Medical marijuana patients and recreational consumers rave about cannabis as a way to alleviate anxiety, pain, stress, and other ailments, but will smoking weed actually make you a happier person?
According to a new study, people who smoke cannabis also make more money, volunteer more, spend more time outdoors, and are generally happier with their lives. While correlation does not equal causation, all this information could still point to a connection between weed and happiness.
“Well-adjusted lifestyles seen among cannabis consumers serve as a common theme in the findings in the series of reports called ‘Public Attitudes and Actions Towards Legal Cannabis,'” according to BDS Analytics. The study itself was conducted in California and Colorado, while more research is in the works in Oregon and Washington.
BDS Analytics’ first data set from Cannabis Wellness Trends, entitled “Cannabis Consumers are Happier Campers,” analyzed public attitudes toward weed among 2,000 adults, 1,200 of whom used weed in the past six months. In contrast to people who don’t smoke weed, whether or not they’re opposed to the idea of it, cannabis consumers still ranked higher with regard to personal and social satisfaction.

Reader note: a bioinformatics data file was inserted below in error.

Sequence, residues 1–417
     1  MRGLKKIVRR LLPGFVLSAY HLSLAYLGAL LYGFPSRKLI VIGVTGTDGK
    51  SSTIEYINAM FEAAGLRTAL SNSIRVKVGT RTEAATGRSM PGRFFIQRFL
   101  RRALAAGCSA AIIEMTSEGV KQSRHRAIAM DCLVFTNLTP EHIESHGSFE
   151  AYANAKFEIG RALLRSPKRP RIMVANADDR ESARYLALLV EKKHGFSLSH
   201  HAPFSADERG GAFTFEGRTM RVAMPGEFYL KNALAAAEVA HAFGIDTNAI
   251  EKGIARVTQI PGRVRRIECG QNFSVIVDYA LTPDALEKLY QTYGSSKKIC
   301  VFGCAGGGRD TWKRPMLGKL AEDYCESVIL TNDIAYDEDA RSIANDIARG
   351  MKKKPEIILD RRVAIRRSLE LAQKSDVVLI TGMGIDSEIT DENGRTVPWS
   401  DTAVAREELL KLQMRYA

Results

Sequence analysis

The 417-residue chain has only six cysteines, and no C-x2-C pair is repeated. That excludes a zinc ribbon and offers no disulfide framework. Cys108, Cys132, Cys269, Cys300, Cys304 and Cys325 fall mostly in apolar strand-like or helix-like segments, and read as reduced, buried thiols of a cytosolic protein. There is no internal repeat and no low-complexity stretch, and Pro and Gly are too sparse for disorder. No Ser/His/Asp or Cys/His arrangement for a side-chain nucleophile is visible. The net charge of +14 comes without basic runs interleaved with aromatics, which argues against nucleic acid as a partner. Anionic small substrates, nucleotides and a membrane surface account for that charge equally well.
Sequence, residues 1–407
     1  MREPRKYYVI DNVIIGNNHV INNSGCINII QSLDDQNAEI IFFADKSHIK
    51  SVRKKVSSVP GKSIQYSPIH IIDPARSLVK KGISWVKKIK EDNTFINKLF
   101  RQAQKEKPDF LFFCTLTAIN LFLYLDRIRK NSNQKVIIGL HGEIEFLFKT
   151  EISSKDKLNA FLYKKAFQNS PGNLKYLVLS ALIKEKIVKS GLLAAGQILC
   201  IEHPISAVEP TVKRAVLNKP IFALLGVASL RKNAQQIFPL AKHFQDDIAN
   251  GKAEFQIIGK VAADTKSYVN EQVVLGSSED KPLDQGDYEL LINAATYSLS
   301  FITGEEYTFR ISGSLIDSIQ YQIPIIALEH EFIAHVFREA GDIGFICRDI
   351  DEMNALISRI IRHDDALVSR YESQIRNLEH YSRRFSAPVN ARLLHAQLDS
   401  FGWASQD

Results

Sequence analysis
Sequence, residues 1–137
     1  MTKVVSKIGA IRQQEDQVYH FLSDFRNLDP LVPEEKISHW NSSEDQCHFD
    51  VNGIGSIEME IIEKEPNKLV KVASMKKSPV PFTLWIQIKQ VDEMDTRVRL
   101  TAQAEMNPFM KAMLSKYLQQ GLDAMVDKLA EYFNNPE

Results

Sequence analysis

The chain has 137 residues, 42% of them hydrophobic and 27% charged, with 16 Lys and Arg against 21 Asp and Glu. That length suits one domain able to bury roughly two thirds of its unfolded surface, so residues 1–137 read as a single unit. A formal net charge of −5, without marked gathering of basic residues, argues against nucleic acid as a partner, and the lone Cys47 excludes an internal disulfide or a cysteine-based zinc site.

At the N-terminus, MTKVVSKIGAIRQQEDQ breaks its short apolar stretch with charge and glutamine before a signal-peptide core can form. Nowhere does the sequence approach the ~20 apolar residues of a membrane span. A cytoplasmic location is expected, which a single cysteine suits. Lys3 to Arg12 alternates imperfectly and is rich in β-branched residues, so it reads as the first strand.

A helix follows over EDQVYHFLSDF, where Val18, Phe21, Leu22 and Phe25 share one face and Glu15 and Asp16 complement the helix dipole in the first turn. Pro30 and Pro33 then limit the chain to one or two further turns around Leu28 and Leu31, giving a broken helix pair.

The study also found that most of the respondents’ cannabis consumption wasn’t social, but for the sake of physical, mental, and emotional wellness. “It’s not a group of people getting together and getting high,” says Linda Gilbert, managing director of the BDS Consumer Research Division. “I suspect that will change as legalization becomes more and more prevalent and accepted.”
The study also indicated that women were using cannabis more than the researchers had expected. “In general, women are the gatekeepers of health in most households,” says Gilbert. “And this study suggests that women are embracing cannabis for self-care. Instead of Advil or aleve, women are turning to cannabis for menstrual cramps.” Legalization has also allowed more varied forms of cannabis to occupy greater roles in the industry. Topicals, edibles, beverages, and vaporizable oils are becoming more popular, as opposed to smoking old school joints or bongs, as way for people, and especially women, to get high or medicate on their own.
“Cannabis consumers want to live a healthy lifestyle,” says Gilbert. “For some, smoking it is a barrier. It’s just not the stereotypical twentysomething toking up in a basement. Today’s marijuana consumer prefers organic produce, sustainable packaging, and, in general, a more mindful lifestyle.”
For those reasons, in addition to the character traits that define today’s cannabis consumer, those who choose to smoke weed might make other decisions overall that support a happier lifestyle – hence why there’s such a strong correlation between weed and happiness.